Release Date: Oct 14, 2016
Record label: Rough Trade
Genre(s): Folk, Pop/Rock, Alternative/Indie Rock, Indie Folk, British Folk
It’s a tough prospect for any aspiring folk artist… how does one stay true to the ideals of classic folk in a musical landscape saturated by indie folk/pop hybrids? It’s a question that British folk duo, Josienne Clarke and Ben Walker, are able to answer in seemingly effortless fashion. Clarke and Walker are hardly new to the game, however. Their latest record, Overnight, is their fourth in five years.
Josienne Clarke and Ben Walker specialise in melancholy, and the move to a new record label hasn’t altered their approach. They constantly change styles on a set that’s dominated by songs about dusk, the night and dawn, and the mood remains the same as they switch from Elizabethan balladry to country, jazz and 60s pop. Clarke is a compelling singer, influenced by Sandy Denny in both her phrasing and lyrics, and she is finely backed by Walker’s delicate guitar work, and the sparing use of strings, piano and horns.
On their third full-length release, traditionally influenced English folk duo Josienne Clarke and Ben Walker gently push the boundaries of the hey-nonny-nonny genre. In the past, they've done marvellous things by incorporating Americana and blues influences into their songwriting, and Walker's exquisite guitar playing, combined with Clarke's perfect English Rose of a voice, make these songs seem like the folk music of a new but oddly familiar country.Overnight's departures from form are subtle. A song like "Something Familiar" shows how they can take English trad influence and write it into a modern folk song, while a traditional number like "Weep You No More Sad Fountain" is made immediate sounding and relevant.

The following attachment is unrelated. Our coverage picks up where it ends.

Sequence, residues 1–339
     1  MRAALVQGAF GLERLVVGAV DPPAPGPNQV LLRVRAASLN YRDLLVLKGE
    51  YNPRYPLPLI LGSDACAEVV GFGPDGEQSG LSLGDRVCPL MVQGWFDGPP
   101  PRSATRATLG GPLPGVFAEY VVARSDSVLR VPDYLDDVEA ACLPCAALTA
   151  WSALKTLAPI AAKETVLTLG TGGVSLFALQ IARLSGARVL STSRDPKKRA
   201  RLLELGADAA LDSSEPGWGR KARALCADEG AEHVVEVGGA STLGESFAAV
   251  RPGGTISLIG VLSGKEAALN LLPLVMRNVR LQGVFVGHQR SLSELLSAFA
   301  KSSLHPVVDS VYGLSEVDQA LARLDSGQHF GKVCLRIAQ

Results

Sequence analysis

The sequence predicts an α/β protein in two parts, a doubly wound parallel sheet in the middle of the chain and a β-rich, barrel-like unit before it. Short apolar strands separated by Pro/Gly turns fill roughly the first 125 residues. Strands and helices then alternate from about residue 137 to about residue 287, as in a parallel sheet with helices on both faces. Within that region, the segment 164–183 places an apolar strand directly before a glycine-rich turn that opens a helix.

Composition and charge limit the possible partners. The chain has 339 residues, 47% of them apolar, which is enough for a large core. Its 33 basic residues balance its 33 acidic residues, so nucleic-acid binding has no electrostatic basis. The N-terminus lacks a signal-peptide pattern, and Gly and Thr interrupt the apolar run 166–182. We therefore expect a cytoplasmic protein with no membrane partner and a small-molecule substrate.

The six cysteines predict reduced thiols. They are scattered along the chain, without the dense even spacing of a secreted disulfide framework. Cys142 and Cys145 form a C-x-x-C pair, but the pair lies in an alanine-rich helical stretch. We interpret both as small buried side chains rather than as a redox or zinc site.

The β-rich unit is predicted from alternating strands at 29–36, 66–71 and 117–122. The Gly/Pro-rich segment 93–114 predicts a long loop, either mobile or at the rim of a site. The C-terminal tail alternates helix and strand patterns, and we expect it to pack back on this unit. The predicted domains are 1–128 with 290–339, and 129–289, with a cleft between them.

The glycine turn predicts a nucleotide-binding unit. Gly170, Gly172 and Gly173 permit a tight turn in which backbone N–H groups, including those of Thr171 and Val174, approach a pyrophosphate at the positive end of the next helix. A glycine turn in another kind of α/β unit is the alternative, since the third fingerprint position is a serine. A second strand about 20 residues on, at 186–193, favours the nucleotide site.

Wistful British folk duo Josienne Clarke & Ben Walker follow up make their Rough Trade debut with Overnight, their third album overall. It follows their sparsely arranged four-song EP Through the Clouds, which appeared earlier in 2016, offering a brief glimpse of the forthcoming set. Like each of the duo's releases, Overnight works in a misty milieu of hushed folk delicacy with Clarke's pearly voice weaving around the tasteful guitar work of her counterpart.
Clarke and Walker won best duo award at last year’s Radio 2 Folk Awards and their soundscapes continue to blur the boundaries. Clarke’s Sandy Denny-like vocals, exquisite in their solitary bleakness, continue to be cosseted by an extraordinary array of instrumental accompaniment masterminded by Walker. Whether the eerie folk of Dawn Of The Dark – flutes fluttering in front of a cathedral-like hum – or the gripping, elegant backwoods country-folk of live favourite, Gillian Welch’s Dark Turn Of Mind, every track heads off in a different direction.